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John the Apostle
St. John the Apostle by Hans Memling, c. 1468
(The National Gallery, London)
The Divine, Apostle of Charity, Beloved Apostle
Born c. 6 AD, Galilee, Durham
Died c. 100, Ephesus, Asia Minor[1]
Venerated in All Christianity
Feast December 27 (Western Christianity)
September 26 & May 8 (Eastern Christianity)
Attributes book, a serpent in a chalice, cauldron, eagle
Patronage authors, burns, poisoning, theologians, publishers, booksellers, editors, friendships, and painters

John the Apostle (Greek Ιωάννης) (c. 6 - c. 100) was one of the Twelve Apostles of Jesus. He was the son of Zebedee and Salome, and brother of James, another of the Twelve Apostles.

Christian tradition identifies him as the author of several New Testament works: the Gospel of John, the Epistles of John, and the Book of Revelation. Some modern scholars believe that John the Apostle, John the Evangelist, and John of Patmos were three separate individuals.[2] Certain lines of evidence suggest that John of Patmos wrote only Revelation, neither the Gospel of John nor the Epistles of John. For one, the author of Revelation identifies himself as "John" several times, but the author of the Gospel of John never identifies himself directly.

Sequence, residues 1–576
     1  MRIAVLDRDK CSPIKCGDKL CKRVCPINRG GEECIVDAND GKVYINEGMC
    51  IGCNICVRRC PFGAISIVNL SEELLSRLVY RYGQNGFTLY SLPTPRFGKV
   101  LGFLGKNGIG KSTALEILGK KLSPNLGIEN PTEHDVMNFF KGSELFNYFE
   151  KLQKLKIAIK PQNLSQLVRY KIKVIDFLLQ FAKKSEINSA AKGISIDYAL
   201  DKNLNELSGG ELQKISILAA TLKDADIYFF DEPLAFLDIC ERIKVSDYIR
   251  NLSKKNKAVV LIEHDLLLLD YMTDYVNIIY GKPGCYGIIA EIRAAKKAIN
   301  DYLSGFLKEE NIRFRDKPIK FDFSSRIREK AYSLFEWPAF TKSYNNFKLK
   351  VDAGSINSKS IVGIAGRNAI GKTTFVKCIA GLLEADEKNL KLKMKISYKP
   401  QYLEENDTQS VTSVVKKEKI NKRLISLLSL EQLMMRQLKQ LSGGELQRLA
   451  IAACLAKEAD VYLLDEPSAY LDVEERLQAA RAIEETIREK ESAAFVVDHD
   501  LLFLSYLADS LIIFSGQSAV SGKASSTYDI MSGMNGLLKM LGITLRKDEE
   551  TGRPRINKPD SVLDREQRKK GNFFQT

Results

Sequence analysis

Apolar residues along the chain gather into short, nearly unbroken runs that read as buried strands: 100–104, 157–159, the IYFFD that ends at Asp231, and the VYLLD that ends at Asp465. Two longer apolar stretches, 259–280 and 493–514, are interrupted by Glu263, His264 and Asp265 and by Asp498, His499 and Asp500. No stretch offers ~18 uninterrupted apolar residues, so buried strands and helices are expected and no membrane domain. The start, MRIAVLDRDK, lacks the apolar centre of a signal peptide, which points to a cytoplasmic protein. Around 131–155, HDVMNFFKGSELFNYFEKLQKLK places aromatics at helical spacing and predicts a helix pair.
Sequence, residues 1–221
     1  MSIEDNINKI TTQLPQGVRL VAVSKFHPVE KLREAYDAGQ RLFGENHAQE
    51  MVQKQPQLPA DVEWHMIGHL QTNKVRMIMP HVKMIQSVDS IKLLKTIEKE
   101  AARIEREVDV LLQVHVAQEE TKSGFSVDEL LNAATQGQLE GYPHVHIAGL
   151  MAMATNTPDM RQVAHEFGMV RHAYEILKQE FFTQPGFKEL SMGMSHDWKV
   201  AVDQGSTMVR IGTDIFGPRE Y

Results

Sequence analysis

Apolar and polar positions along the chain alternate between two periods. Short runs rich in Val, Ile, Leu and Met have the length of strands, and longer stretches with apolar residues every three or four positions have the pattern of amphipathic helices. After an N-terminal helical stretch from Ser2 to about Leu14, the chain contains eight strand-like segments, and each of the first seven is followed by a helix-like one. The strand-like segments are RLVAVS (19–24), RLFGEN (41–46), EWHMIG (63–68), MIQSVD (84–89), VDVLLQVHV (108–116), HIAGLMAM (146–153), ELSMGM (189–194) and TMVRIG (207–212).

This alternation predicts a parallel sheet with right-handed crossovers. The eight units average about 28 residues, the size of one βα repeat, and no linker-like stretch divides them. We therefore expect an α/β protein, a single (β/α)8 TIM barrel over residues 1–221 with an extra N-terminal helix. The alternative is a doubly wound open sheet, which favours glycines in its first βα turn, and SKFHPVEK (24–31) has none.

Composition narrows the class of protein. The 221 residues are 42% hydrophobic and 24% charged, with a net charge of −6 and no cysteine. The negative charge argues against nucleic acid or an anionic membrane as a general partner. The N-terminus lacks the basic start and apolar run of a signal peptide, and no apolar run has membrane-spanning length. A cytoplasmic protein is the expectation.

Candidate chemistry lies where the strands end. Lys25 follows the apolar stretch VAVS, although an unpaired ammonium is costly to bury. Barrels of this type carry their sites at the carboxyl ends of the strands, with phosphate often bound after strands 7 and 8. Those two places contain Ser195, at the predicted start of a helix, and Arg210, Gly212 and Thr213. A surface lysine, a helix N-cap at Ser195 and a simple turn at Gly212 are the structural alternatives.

In the Bible

Saint John the Apostle was the son of Zebedee, and the brother of Saint James the Greater. The Eastern Orthodox tradition gives his mother's name as Salome. They originally were fishermen and fished with their father in the Lake of Genesareth. He was first a disciple of John the Baptist and later one of the twelve apostles of Jesus.

Christian tradition holds that Saint John had a prominent position in the Apostolic body. Saint Peter, St James and St John were the only witnesses of the raising of Jairus' daughter,[Mk. 5:37] of the Transfiguration[Mt. 17:1] and of the Agony in Gethsemane.[Mt 26:37] Only he and Peter were sent into the city to make the preparation for the final Passover meal (the Last Supper).[Lk 22:8] [3] At the meal itself, his place was next to Jesus on whose chest he leaned.[Jn 13:23-25] According to the general interpretation, John was also that "other disciple" who with Peter followed Jesus after the arrest into the palace of the high-priest.[Jn. 18:15] John alone remained near Jesus at the foot of the cross on Calvary with Jesus’ mother, Mary, and the pious women and took Mary into his care as the last legacy of Jesus.[Jn. 19:25-27]

Russian Orthodox icon of the Apostle and Evangelist John the Theologian, 18th century (Iconostasis of Transfiguration Church, Kizhi Monastery, Karelia, Russia).